This ought to be a regular feature at Qaqan: Arabic words in Tuvan. I’ve already mentioned one that entered Russian (and through Russian it has entered into Tuvan): юбка.
But today let’s talk about “арага” (araga, presumably from Arabic 3araq/عرق, also presumably through Kazakh арақ/araq). It’s interesting enough that Tuvans refer to alcohol with an Arabic word. Almost stereotypically, the word is defined as “alcohol(ic) drink, fermented milk alcohol”, although I fail to see the distinction between that and “хымыс” (hımıs, and other spellings to reflect other pronunciations, including the Russified “kumys”*).
Also interesting is that the very next entry in alphabetical order is the verb “арагалаар” (aragalaar, “to drink alcohol”). This seems to garner more hits when you google it as “арагалап” (aragalap), with Central Asia’s favourite suffix (-p, used mostly for attaching auxiliary verbs).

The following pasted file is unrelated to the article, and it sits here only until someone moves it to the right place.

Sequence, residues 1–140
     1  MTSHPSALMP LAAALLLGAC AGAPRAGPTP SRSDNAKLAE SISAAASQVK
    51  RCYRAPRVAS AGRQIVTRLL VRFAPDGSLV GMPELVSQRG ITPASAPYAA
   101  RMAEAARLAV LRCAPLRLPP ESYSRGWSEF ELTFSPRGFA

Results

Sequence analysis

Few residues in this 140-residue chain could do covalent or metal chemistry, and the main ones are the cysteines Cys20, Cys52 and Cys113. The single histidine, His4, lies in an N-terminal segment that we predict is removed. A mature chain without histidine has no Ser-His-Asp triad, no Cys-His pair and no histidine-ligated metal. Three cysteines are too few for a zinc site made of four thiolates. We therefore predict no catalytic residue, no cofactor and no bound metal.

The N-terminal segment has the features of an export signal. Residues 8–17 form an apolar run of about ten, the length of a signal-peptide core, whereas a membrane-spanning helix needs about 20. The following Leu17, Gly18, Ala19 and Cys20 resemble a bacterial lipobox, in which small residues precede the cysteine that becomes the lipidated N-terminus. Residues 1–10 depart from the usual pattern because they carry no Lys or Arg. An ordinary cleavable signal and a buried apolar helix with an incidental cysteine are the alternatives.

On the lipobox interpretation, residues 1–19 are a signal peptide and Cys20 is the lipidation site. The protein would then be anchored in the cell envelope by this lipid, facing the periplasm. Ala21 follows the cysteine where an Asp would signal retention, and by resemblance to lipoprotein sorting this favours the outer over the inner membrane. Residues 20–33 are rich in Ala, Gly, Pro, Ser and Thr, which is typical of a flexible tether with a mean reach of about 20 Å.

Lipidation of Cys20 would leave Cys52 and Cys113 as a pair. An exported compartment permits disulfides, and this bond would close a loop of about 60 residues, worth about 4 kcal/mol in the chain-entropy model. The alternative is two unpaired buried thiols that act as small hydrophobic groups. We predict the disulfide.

The same dictionary also lists “wine” as “кызыл арага” (kızıl araga, “red alcohol”) and “кат арагазы” (kat aragazı, “berry alcohol”). Although I love both terms, I am sad to report that googling turns up what appears to be mostly second-language speakers using a word they found in the dictionary. I would not be surprised if Tuvans used to use these terms, but today refer to wine more often with the Russian “вино” (vino), whose etymology I have discussed before, but as long as it is on the table again: Max Vasmer, while asserting the “ancient Mediterranean” nature of the word, appears to lean toward an Indo-European etymology (although I would like to remind everyone that both Indo-Europeans and Semites have held imperial power in both “Kaukasus” and “Kleinasien” for a long time):
*Isn’t this site glorious?